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What's New in the Third Edition?
The third edition has the following substantive changes:
Although the book retains its emphasis on a "running example" that is revisited in several chapters, the CyberPet examples have been replaced with a collection of games and puzzle examples. The CyberPet examples from earlier editions will be available on the Companion Web Site.
Chapters 0 (Computers, Objects, and Java) and 1 (Java Program Design and Development) have been substantially reorganized and rewritten. The new presentation is designed to reduce the pace with which new concepts are introduced. The treatment of object-oriented (OO) and UML concepts has also been simplified, and some of the more challenging OO topics, such as polymorphism, have been moved to a new Chapter 8.
The new Java 1.5 Scanner class is introduced in Chapter 2 and is used to perform simple input operations.
Chapter 4 (Input/Output: Designing the User Interface) has been completely rewritten. Rather than relying primarily on applet interfaces, as in the second edition, this new chapter provides independent introductions to both a command-line interface and a graphical user interface (GUI). Instructors can choose the type of interface that best suits their teaching style. The command-line interface is based on the BufferedReader class and is used throughout the rest of the text. The GUI is designed to work with either graphical applications or applets. Both approaches are carefully presented to highlight the fundamentals of user-interface design. The chapter concludes with an optional section that introduces file I/O using the new Scanner class.
Much of the discussion of inheritance and polymorphism, that was woven through the first five chapters in the second edition, has been integrated into a new Chapter 8.
An optional graphics track is woven throughout the text. Beginning with simple examples in Chapters 1 and 2, this track also includes some of the examples that were previously presented in Chapter 10 of the second edition.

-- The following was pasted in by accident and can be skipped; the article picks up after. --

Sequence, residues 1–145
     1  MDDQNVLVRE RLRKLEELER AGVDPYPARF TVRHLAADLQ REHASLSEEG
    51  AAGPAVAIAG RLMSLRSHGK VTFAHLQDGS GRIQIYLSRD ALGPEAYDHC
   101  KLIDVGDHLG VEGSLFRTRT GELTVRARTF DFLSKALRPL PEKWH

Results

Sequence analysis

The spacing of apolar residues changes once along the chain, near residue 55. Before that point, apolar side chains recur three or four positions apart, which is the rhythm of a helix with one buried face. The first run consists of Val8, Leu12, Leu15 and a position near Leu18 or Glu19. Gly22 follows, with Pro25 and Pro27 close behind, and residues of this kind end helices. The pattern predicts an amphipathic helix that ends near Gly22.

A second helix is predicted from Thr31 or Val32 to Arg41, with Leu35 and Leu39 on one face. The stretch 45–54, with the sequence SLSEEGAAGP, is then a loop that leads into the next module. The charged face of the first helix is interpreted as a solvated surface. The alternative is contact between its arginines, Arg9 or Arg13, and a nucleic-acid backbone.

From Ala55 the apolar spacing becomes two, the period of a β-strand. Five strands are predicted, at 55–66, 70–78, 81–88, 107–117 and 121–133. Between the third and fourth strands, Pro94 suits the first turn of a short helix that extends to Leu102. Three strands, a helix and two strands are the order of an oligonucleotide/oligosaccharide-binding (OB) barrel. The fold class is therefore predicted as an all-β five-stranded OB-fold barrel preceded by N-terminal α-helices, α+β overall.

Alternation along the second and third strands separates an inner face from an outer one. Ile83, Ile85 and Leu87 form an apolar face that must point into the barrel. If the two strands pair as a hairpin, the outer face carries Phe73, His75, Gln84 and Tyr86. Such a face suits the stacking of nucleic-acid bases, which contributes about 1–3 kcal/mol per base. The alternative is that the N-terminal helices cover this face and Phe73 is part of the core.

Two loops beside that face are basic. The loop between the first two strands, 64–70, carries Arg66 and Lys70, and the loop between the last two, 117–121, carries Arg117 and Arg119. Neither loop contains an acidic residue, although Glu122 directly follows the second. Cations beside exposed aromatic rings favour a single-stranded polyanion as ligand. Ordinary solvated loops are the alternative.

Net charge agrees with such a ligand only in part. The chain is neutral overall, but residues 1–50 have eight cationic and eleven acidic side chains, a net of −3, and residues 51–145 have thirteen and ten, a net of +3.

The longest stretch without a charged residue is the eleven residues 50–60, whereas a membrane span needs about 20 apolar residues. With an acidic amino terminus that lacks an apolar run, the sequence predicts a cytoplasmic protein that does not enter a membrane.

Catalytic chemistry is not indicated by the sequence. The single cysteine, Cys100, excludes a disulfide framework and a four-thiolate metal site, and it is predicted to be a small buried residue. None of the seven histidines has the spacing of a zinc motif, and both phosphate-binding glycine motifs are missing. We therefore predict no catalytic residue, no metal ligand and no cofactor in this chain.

Chapter 15, on Sockets and Networking, is expanded to cover some of the more advanced Java technologies that have emerged, including servlets and Java Server Pages.
Chapter 16, on Data Structures, has been refocused on how to use data structures. It makes greater use of Java's Collection Framework, including the LinkedList and Stack classes and the List interface. It has been expanded to cover some advanced data structures, such as sets, maps, and binary search trees.
CodeKey is integrated with chapter exercises! CodeKey is an online, interactive programming tutorial designed to reinforce key Java programming concepts and techniques. The CodeKey icon in the margin next to the exercise number identifies end-of-chapter exercises that include a CodeKey component. Using CodeKey, students can receive automated feedback on the code they write and instructors can easily manage code assignments and student progress. The online CodeKey exercises give students the ability to test their programs before handing in their class assignments. Instructors can easily track individual and class coding attempts and performance online at any time. CodeKey provides hints on how to improve code and how to debug it, if necessary. Students will be alerted to errors and will receive programming tips on how to fix them. CodeKey is just another way Morelli and Walde make programming exercises easy, fun, and manageable!